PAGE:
Species in Peril:

Pronghorn Antelope

Antelope, Sheep or Something Else?

Pronghorn antelope, pronghorn sheep, American antelope or prongbuck, all of these names refer to the same species native to North America which is simply called Pronghorn. Although this hoofed species looks like an antelope or a goat, it’s unique enough to have its own taxonomic family, Antilocapridae. Same with its relatives, all pronghorns have a pair of horns. While the female’s horns are usually just little more than bumps, the male’s horns can reach 12 inches long. The shape of these horns are also distinctive, they point backwards and branch as its name implies.  The pronghorn isn’t born with the horns or carries them all life long. Every year after the mating season, the horns would shed and regrow during the winter. Before spring, all males will have their horns ready to compete for territories. The pronghorn is not a large animal, it is usually between 2.5 to 3 feet at shoulder height. Regardless of sex, pronghorn have reddish-brown fur and striking white markings that adorn their face, neck, and stomach.. The white hairs on its rump are longer and can become visible when stuck up. 

Communication is Important in a Large Group

Normally, Pronghorns live in small groups in summer, but in winter they tend to form large herds. Living with so many companions means a good communication system is super important to increase survival rate. Pronghorn depend on their strong vision a lot. With eyes as large as elephants’ eyes, they are able to detect dangers three miles away. When one pronghorn sees a predator, it will raise the white hair on its rump to alert others. Besides the visible warning, the pronghorn also releases an odor of danger from the glands on its rump. The scents they release can have more than one meaning, pronghorn use odor to mark territories and attract mates as well. Sending messages by both sights and scents allows pronghorns to avoid dangers efficiently. And as pronghorns are good runners, its amazing physical ability could also help it escape from unavoidable enemies.

Obstacles on 300-mile Migration

Few animals have been as prominent as pronghorns in the history of North America. Before the Westward Movement, there were about 100 million pronghorns living on the continent and their meat fed numerous local people. With the development of humans, the number of pronghorns is significantly decreasing but luckily, except for two subspecies, most of them are not in danger of extinction. Nowadays, the major conflicts between pronghorns and humans are the obstacles on pronghorn migration. To find a warm habitat with abundant food source, pronghorn’s round trip migration happens every winter and can cover up to 300 miles. On their way, they are not only facing predators and harsh weather, but also cars, fences, buildings and other products of modern civilization. Even though pronghorns can run fast, they are not good at jumping. Therefore, these obstacles can sometimes become impassable. To help pronghorns keep behaving naturally, more wildlife corridors should be the most feasible solution.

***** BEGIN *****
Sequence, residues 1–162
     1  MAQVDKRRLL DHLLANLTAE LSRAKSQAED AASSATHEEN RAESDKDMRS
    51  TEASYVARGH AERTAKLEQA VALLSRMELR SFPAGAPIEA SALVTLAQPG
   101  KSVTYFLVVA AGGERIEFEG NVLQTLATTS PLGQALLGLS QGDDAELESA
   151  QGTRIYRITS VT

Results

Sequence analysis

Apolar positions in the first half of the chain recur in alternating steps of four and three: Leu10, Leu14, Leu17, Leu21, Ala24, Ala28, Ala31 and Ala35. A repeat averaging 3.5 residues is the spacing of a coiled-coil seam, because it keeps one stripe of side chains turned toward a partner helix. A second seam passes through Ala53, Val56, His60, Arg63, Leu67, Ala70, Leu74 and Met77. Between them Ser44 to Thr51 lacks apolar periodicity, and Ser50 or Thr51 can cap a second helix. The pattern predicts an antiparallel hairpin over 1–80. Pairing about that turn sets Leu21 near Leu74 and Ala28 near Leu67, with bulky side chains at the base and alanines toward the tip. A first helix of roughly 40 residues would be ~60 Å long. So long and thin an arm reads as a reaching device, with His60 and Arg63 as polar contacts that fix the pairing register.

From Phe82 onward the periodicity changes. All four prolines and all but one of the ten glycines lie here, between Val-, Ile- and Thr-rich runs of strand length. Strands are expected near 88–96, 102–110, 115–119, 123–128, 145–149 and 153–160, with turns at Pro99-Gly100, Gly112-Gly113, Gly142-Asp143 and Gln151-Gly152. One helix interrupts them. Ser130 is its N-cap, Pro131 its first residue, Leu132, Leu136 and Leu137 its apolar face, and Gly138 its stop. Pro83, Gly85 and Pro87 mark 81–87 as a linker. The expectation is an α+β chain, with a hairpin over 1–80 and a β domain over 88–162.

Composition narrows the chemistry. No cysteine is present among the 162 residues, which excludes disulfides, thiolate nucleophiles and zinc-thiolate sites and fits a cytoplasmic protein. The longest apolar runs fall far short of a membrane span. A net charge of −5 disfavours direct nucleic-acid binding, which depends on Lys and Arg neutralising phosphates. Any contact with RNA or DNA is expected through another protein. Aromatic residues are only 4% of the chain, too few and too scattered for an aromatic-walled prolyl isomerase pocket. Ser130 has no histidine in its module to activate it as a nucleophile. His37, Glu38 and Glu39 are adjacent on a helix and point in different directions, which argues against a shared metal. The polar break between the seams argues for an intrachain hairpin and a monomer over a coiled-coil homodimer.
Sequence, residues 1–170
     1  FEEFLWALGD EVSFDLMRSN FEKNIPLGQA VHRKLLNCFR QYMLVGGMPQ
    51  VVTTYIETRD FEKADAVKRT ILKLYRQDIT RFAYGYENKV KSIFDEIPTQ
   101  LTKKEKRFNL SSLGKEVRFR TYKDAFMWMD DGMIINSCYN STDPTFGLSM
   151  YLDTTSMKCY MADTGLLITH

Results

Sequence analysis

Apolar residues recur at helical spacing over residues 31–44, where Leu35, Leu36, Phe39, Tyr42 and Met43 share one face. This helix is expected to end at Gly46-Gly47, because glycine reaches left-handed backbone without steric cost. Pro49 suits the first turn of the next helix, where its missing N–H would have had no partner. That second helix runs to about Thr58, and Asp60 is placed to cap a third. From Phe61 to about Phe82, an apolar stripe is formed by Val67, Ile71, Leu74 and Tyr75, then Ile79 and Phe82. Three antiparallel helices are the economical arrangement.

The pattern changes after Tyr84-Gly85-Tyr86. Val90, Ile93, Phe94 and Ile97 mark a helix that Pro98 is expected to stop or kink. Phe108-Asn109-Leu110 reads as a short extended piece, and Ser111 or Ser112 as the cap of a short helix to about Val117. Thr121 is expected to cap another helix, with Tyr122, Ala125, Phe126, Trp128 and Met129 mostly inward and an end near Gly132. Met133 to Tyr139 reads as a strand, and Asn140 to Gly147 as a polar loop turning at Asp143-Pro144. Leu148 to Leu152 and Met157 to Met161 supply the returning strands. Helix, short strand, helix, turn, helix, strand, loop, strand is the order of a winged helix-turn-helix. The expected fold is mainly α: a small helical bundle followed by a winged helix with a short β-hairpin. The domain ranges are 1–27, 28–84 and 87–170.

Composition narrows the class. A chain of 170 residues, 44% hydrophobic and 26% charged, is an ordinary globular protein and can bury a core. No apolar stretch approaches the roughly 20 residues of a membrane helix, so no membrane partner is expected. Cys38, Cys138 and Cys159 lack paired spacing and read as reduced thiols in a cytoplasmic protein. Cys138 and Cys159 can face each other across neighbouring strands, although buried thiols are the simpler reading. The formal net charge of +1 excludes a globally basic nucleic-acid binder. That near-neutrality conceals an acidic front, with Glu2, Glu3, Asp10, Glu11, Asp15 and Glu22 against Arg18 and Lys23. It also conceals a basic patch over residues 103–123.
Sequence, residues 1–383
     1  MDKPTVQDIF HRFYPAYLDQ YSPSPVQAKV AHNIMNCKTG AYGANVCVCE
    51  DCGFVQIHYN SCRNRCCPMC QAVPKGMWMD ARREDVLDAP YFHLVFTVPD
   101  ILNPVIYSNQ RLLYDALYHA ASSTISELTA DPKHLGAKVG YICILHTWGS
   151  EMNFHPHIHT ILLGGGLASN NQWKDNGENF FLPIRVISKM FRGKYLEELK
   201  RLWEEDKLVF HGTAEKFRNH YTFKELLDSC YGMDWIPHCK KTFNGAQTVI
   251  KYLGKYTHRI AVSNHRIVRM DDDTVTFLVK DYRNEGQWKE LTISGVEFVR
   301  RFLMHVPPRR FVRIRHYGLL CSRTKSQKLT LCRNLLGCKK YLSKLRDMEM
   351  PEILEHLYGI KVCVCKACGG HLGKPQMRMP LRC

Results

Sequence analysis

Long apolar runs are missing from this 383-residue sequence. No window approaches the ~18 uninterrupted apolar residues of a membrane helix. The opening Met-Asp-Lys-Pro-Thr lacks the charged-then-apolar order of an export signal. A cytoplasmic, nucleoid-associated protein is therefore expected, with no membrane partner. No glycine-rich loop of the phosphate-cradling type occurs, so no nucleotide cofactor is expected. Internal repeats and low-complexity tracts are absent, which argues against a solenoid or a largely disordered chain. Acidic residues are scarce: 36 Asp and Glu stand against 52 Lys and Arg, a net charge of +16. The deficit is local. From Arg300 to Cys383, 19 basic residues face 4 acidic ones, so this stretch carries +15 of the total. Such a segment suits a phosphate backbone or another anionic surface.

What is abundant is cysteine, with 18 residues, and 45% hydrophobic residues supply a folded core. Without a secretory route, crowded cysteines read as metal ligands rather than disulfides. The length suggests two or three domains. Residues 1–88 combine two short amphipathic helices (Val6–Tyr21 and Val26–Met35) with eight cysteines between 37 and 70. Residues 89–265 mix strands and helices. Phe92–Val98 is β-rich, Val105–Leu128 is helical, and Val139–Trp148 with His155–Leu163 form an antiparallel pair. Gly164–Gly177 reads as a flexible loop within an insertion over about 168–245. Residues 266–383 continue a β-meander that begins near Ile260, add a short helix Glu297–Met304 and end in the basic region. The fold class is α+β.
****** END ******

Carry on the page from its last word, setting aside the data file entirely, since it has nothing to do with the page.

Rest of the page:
A Few More Facts about Pronghorn Sheep

  • Pronghorns are the second fastest animals in the world, only slower than a cheetah. Their highest speed can reach 53 mph and they can retain higher speed longer than cheetahs.
  • Like many hoofed animals, pronghorn digests their food twice. They don’t really need to drink because they get water from their food.
  • To stay alert, pronghorns often sleep with eyes open.
  • Although pronghorn can walk 30 minutes after birth, they are still vulnerable and need to live with their mother for one year.
  • Peninsular pronghorn is the most endangered subspecies of pronghorn, only about 150 individuals are left.
  1. Scientific Species Name: Antilocapra americana
  2. Estimated Population: 750,000
  3. Conservation Status: Least Concern
  4. Species Range: Western and central North America
  5. Reason for Population Decline: Habitat loss and Fragmentation

Species Name

Acinonyx jubatus

Estimated Population

7,100 globally

Conservation Status



Parts of Africa; Central Iran

Reasons for Population Decline

Habitat destruction

Livestock protection


Read About All of Our Species in Peril...

GuideStar is the world’s largest source of information on nonprofit organizations.

They gather and provide access to the most comprehensive, up-to-date, and accurate nonprofit information which is available to potential funders and donors.

Less than five percent of non-profits registered with GuideStar are recognized with a Gold Seal. A Gold Seal status is the leading symbol of non-profit transparency and accountability.